Spring is here and is showing its usual capricious nature: bestowing a warm, picture-perfect, sky-blue day some days, then catapulting us back into winter on Saturday afternoon with miserably cold, rainy weather. Nevertheless, spring shrubs are powering into bloom and it is a joy to see gardens everywhere illuminated with flowers. I don't have much of a spring garden (as I have tended to concentrate on summer and autumn) but I do have some spring shrubs here and there to give me that seasonal boost. They are in general very low-maintenance plants that only need occasional fertiliser and a quick prune after flowering, and they will put on a show year after year. The evergreen sorts help provide permanent structure in a garden where many other plants are cut almost to the ground at this time, and there is a diversity of shapes in their floral form, which adds to their interest.
There are some classic Sydney shrubs that have proved their worth over the years. Interestingly enough, most of the hail from China or Japan and they are very at home in our climate. Azaleas are one of the commonest flowering shrubs to be noticed in Sydney in September; as I have written in a previous blog, I am deeply ambivalent about these plants. They are truly gorgeous in full bloom yet they are victims of a variety of pests and diseases that really need an artillery of chemicals to keep them under control, so I have given them up, apart from two old stalwarts at the top of my long driveway, that I do not spray with anything. They are the old-fashioned sorts, and seem a bit more resilient to some of their attackers, but they still do get petal blight and red spider. I tend to deal with these problems by pruning back the whole plant severely once the petal blight takes hold and disposing of the stems in the green waste bin, to try to get rid of the petal blight spores from my garden.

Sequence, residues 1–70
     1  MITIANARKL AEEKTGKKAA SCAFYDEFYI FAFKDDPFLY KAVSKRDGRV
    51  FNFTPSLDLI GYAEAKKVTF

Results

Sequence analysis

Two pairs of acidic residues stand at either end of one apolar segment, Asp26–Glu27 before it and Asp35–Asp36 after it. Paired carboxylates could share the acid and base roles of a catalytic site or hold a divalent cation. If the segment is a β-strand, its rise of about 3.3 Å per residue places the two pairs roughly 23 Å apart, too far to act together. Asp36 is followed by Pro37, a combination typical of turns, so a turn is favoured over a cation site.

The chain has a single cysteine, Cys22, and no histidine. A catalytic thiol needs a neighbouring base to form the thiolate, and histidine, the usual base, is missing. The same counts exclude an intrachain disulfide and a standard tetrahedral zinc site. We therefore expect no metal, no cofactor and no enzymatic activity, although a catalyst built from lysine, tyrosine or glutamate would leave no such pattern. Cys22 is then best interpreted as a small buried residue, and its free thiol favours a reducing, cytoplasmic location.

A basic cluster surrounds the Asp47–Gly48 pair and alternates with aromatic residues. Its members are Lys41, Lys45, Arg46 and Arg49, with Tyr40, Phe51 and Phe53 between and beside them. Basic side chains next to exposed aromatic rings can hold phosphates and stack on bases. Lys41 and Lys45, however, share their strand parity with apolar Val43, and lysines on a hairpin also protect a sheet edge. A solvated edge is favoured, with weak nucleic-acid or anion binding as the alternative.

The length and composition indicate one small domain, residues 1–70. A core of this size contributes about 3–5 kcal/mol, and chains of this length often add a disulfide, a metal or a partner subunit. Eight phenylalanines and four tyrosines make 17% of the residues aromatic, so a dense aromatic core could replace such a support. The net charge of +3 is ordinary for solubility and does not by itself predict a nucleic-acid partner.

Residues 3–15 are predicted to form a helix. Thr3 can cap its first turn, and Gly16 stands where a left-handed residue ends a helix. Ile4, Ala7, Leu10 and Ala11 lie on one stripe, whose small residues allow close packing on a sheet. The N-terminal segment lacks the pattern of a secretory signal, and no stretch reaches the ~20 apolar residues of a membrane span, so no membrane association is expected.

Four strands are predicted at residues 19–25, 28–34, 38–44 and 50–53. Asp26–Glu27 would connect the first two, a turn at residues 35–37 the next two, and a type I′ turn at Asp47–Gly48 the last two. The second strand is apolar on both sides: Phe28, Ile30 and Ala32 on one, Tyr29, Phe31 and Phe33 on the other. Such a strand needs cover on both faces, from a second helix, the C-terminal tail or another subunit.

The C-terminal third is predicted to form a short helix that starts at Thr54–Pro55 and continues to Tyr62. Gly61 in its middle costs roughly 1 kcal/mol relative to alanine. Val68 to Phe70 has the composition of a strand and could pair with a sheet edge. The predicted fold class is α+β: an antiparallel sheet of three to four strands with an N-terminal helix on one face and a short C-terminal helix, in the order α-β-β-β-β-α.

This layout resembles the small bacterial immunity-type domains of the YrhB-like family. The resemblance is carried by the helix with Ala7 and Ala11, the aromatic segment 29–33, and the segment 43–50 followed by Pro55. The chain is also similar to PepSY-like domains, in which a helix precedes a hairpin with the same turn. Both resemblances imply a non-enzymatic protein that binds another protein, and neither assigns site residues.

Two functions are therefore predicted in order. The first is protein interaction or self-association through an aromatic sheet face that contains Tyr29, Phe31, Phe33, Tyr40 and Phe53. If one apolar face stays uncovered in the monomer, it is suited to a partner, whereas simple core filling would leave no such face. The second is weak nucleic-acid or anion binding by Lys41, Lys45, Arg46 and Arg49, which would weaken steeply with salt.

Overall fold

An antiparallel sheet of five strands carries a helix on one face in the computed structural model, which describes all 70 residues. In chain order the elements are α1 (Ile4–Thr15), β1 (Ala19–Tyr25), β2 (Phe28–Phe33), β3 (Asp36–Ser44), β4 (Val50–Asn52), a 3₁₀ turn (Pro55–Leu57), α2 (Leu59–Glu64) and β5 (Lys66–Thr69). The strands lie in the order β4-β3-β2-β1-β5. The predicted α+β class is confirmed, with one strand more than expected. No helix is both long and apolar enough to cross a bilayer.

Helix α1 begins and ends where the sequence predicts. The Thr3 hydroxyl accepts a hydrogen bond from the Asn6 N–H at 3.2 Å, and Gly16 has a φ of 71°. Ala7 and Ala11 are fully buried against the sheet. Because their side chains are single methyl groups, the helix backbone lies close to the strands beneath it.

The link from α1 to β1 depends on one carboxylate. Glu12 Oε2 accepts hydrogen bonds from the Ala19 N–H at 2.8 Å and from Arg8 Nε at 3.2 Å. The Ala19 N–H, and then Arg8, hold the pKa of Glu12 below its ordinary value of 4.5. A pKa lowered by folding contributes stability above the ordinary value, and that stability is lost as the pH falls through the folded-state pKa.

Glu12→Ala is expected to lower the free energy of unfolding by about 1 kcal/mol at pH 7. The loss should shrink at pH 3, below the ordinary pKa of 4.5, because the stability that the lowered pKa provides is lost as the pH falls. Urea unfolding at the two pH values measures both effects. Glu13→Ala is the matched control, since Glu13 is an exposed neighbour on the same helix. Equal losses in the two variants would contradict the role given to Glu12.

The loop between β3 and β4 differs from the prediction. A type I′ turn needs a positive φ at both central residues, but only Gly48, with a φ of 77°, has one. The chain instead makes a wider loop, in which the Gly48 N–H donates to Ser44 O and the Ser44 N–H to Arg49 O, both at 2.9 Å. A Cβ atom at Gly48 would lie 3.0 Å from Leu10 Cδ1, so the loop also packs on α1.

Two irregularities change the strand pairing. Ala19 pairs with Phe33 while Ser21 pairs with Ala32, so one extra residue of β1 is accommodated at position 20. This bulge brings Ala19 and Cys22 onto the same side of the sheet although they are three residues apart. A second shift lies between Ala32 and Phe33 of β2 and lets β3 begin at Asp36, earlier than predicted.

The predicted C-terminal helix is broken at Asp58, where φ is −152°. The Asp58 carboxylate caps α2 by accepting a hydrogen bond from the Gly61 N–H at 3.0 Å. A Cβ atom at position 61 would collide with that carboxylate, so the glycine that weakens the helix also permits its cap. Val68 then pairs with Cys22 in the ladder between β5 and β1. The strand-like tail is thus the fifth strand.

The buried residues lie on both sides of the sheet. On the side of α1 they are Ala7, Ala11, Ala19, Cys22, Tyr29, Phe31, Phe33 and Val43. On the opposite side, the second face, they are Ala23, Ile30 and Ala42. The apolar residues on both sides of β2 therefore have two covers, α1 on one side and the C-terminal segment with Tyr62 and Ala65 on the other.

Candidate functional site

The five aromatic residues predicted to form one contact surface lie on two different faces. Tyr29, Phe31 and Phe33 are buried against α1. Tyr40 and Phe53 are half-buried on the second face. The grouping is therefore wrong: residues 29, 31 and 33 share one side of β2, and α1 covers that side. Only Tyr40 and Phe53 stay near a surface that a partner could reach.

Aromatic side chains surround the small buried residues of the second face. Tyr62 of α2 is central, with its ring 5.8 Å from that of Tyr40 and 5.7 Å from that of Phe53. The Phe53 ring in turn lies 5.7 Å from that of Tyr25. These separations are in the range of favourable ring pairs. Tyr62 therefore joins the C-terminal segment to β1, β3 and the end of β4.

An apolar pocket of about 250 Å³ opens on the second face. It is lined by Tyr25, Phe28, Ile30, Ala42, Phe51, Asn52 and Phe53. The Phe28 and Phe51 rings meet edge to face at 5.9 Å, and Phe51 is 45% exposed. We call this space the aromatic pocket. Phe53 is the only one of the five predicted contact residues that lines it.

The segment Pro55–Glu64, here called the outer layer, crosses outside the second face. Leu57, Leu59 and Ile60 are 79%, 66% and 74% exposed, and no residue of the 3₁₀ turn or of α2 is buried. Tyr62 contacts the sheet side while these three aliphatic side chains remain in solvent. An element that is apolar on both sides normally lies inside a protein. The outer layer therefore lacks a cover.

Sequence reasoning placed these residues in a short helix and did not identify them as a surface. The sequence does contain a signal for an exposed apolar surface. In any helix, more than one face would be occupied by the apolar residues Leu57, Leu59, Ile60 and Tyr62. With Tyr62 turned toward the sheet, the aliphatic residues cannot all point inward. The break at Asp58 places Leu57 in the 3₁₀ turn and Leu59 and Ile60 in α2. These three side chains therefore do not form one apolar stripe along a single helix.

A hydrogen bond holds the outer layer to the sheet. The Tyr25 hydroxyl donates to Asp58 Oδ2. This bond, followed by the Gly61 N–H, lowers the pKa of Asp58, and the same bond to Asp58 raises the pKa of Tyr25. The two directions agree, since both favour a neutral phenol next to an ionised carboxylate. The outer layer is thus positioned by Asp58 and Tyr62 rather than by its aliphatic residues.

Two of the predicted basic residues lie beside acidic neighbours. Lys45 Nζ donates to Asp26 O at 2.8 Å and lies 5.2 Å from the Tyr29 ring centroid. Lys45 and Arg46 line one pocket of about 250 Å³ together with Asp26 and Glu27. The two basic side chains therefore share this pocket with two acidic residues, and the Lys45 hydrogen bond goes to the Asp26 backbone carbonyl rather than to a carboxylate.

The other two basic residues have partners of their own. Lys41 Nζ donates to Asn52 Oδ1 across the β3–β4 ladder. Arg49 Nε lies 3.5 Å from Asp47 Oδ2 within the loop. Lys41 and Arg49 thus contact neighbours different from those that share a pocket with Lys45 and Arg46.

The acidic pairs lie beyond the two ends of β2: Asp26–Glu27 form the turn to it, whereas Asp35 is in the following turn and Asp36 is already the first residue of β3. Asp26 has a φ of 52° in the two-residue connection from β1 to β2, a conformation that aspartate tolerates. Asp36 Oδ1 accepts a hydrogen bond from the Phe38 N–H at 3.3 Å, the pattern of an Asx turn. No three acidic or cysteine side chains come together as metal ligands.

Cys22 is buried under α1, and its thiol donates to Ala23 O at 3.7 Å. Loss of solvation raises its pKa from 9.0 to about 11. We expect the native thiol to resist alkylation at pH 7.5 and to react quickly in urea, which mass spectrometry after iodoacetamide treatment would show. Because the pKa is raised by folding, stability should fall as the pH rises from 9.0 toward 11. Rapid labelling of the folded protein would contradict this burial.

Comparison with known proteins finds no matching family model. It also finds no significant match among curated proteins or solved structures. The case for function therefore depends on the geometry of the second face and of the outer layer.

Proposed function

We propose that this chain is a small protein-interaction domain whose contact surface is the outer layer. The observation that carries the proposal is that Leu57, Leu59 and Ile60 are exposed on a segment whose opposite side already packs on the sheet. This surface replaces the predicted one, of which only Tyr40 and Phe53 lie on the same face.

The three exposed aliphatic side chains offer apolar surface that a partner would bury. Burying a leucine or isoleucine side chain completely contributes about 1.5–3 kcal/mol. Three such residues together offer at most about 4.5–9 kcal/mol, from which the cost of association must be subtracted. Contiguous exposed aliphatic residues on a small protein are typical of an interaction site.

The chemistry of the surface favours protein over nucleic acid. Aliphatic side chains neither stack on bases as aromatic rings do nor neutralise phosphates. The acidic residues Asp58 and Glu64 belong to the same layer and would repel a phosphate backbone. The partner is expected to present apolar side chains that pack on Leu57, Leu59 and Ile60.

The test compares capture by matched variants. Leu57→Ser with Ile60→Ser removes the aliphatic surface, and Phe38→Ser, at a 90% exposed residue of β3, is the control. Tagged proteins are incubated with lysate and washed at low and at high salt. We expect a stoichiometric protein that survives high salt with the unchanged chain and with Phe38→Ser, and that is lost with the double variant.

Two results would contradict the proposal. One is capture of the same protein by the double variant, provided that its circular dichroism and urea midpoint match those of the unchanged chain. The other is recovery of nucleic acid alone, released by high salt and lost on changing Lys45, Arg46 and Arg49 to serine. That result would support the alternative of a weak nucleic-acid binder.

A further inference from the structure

More favoured in my garden are shrubs like the lovely arching may bush (Spiraea cantoniensis, ht 2 m) from China, which is a froth of tumbling white blooms at the moment. I always liked to see this deciduous shrub able to show off its weeping habit to its full potential, by just removing a few old stems at the base and just lightly trim the remainder when pruning, but in recent years I have shaped mine into a large oval form by trimming every so often during the year but stopping as soon as the buds form, as it took up too much space with the weeping habit where I had it. I grow mine near white-striped Miscanthus sinensis 'Variegatus' as a colour echo - the new grow of the grass is starting to appear now. I have admired some may bushes growing with some dark-leaved Phormium in a garden in my suburb, providing a nice tonal contrast.
Rhaphiolepis species and cultivars (ht 1-2.5 m) are good little evergreen shrubs blooming now (pictured at the start of the blog) with simple pink or white flowers. Known colloquially as Indian hawthorn, they do actually come from China. They are completely undemanding but look good all year round and can be grown as a hedge. There are some more compact cultivars available these days, including 'Cosmic Pink' and 'Cosmic White', which are very useful. Rhapiolepis can grow in sun or part shade and can put up with quite ordinary soil and conditions.